Kids these days with their fancy haptic feedback and capacitive touchscreens have no idea what we had to suffer with back before the Webternet and Circular Disc-a-tronics came in.
Take this recently released video from an episode of Tomorrow's World that aired in 1982. In it, we're introduced to an apparently normal-looking screen. But wait, whats this? You can touch it with your finger?!
Unlike today's capacitive screens which use a grid of transparent conductors to distort an electrostatic field, ultimately pin-pointing the location of our fingers, the 1982 example uses something a little more primitive. A row of infrared emitters lining both the side and top of the screen create a grid of infrared beams. When your finger touches the screen, the grid is broken at a specific coordinate, and boom - the software knows where you're pressing and acts accordingly.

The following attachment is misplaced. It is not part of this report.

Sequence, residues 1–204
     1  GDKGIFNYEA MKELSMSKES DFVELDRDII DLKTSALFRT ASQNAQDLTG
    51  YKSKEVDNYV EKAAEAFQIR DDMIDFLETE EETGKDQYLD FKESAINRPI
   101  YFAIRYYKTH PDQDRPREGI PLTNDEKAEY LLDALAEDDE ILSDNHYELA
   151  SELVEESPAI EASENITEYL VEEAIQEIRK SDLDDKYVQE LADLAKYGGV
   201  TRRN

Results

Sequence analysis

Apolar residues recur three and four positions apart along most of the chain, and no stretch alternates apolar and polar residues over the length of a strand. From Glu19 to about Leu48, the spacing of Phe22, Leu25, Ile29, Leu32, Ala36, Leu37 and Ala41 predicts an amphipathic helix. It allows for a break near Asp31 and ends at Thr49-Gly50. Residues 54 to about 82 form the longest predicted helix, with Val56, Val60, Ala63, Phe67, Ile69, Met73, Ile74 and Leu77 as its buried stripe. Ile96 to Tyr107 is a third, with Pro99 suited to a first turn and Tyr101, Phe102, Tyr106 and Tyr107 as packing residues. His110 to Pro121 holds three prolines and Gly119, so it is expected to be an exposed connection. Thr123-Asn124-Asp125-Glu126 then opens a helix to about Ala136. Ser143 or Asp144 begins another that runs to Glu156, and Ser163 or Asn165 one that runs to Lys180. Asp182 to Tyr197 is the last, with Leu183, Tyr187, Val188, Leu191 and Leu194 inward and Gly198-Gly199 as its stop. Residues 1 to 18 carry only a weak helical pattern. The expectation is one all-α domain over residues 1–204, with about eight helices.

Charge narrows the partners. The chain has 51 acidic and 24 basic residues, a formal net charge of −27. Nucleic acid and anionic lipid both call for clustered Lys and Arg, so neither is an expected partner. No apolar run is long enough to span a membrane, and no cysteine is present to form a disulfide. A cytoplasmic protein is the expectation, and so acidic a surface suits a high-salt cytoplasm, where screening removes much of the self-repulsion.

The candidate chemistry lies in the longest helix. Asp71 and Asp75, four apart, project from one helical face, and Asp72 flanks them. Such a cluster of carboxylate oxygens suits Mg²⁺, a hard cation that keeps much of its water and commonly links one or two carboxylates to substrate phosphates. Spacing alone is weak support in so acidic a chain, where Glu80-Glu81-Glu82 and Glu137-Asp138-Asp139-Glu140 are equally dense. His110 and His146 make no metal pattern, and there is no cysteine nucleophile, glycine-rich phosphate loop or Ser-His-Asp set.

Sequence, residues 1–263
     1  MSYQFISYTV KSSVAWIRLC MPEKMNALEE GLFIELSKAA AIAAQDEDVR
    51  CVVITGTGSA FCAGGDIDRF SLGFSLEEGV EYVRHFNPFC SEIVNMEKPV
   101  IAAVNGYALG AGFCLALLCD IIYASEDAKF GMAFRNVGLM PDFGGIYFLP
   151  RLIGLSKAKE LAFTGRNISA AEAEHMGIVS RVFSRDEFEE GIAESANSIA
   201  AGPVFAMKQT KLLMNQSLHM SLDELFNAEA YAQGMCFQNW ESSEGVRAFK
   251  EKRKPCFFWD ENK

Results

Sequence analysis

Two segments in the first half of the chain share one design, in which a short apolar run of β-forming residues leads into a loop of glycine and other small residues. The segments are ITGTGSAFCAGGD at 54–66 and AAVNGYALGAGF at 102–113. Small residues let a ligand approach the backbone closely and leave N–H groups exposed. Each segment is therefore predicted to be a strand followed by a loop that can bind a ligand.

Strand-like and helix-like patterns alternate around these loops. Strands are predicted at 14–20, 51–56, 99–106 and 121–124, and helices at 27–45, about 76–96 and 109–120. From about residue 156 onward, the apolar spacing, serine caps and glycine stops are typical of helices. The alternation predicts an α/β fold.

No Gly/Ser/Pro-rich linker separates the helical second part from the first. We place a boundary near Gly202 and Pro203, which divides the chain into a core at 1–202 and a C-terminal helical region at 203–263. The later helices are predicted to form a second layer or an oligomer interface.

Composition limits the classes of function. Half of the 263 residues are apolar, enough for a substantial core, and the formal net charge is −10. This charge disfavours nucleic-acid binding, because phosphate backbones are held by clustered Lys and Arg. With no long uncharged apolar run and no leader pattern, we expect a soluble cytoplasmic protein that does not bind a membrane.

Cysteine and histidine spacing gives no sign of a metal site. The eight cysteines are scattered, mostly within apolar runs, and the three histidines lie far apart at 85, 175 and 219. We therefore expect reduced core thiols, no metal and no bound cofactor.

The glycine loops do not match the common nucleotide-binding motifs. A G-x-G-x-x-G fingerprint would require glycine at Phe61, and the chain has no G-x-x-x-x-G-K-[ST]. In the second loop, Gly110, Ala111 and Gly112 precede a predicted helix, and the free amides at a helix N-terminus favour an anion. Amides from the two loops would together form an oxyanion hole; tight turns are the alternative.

The show even goes as far as letting the touchscreen control the aim of an air gun, accurately murdering poor innocent balloons in the process.
Of course, we've had no balloon killings since the helium treaty of 1988 was signed, and a damn good thing that was too. We had to make do with a picture of a balloon on our birthday during the shortages. And we had to walk three miles uphill through snow to get it too.